Truist checking review: No overdraft fees

A smiling person seated in an armchair uses their smartphone to check their Truist checking account while resting their feet on a small table.Image: A smiling person seated in an armchair uses their smartphone to check their Truist checking account while resting their feet on a small table.
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Truist checking accounts at a glance

Physical locations3,000+ in-person branches and 3,600+ ATMs
Getting started$25–$50 minimum opening deposit (depending on account type)
Monthly service feeUp to $12 a month (there are five ways fee can be waived)
Overdraft feesAccount options with zero overdraft fees
Other feesOut-of-network ATM fees may apply (certain account levels cover some non-Truist ATM transaction fees)
How to depositDigitally (mobile banking) or at an in-person branch or ATM
How to withdrawUsing a free personal check, via digital transfers, with a debit card
Notable featureAbility to overdraw up to $100, on Truist One Checking account — with no fees

Truist is one of the largest banks in the U.S. It offers standard banking products including checking accounts, savings accounts, certificates of deposit, money market accounts, credit cards, loans, investing and other financial products. In this article, we’ll be diving deeper into the bank’s Truist One Checking account.

With the Truist One Checking account, account holders don’t have to worry about overdraft fees and can potentially have their monthly maintenance fees waived, making it a good option for consumers looking to avoid traditional banking fees.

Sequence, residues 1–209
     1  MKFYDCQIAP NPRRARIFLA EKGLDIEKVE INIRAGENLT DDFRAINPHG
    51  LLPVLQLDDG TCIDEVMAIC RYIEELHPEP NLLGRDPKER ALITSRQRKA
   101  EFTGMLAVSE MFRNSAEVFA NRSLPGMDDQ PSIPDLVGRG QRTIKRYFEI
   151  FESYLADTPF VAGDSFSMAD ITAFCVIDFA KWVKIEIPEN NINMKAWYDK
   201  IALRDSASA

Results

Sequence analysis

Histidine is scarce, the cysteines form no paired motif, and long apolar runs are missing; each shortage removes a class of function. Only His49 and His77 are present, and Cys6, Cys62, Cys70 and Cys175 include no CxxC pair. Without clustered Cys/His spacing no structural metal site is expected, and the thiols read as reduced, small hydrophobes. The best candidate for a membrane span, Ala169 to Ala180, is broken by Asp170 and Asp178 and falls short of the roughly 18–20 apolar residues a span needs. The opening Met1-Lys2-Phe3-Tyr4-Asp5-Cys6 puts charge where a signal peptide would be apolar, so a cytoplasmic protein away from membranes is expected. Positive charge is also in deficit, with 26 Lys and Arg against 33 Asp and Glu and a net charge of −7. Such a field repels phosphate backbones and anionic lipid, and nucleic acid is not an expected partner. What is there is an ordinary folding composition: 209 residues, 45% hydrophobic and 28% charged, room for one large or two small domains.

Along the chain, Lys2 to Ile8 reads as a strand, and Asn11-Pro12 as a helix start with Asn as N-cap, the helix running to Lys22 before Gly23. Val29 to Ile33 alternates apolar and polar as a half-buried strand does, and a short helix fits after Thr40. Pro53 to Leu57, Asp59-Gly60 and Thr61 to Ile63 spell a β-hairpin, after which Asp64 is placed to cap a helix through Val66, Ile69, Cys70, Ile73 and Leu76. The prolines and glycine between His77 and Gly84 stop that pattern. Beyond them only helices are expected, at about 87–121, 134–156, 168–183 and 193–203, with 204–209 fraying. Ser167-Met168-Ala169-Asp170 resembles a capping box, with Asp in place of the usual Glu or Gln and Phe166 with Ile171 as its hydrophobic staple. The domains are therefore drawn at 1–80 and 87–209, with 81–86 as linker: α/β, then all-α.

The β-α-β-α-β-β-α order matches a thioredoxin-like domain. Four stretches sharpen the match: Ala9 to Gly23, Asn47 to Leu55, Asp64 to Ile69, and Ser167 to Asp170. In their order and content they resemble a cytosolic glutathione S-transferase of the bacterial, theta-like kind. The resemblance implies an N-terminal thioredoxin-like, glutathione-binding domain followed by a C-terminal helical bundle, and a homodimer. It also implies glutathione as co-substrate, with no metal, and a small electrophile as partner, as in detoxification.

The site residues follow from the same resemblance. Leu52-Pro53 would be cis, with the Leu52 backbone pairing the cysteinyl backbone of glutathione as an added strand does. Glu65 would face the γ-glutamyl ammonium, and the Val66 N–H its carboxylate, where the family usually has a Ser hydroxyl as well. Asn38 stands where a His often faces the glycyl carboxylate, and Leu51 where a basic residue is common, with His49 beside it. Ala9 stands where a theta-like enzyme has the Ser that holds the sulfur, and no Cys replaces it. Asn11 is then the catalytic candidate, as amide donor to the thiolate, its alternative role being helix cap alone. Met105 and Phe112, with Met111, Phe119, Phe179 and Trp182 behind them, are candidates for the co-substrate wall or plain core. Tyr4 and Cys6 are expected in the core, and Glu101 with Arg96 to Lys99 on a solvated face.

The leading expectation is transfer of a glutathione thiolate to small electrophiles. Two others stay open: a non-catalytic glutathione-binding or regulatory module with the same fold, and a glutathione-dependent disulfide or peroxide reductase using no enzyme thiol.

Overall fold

Let’s get into what else you should know before opening a Truist checking account.


5 things to know about a Truist checking account

Truist offers a few different checking account products, with two notable options — Truist One Checking and the Truist Confidence Account. Neither account charges overdraft fees, and both offer mobile and online banking services.

While they’re similar, these two checking accounts differ slightly: Truist One Checking offers an everyday checking feel with waivable maintenance fees, while the Truist Confidence Account is a checkless account to help you spend only the cash you have while offering free financial education — making it great for first-timers who need to open a bank account.

1. No overdraft fees

Overdrafts happen — and being financially penalized for them only adds to the stress. If you’re facing lean times or need to be very careful with your budget, overdraft fees can have a significant negative impact. Some banks, including Truist, are taking strides with friendlier overdraft policies. While not all Truist checking options can boast zero overdraft fees, both the Truist One and Trust Confidence accounts do.

2. Different levels of accounts

There are different benefit levels within the Trust One Checking account, each coming with its own set of perks. Level is based on your total monthly average balance across all your Truist accounts, including checking, savings and investments.

As you move into the next level, you’ll earn more rewards and perks, like additional free checks and having more fees waived. Here are the total monthly average balance requirements look like for each level.

  • Level 1: $0–$9,999.99
  • Level 2: $10,000–$24,999.99
  • Level 3: $25,000–$49,999.99
  • Level 4: $50,000–$99,999.99
  • Level Premier: $100,000+

3. Online banking and mobile app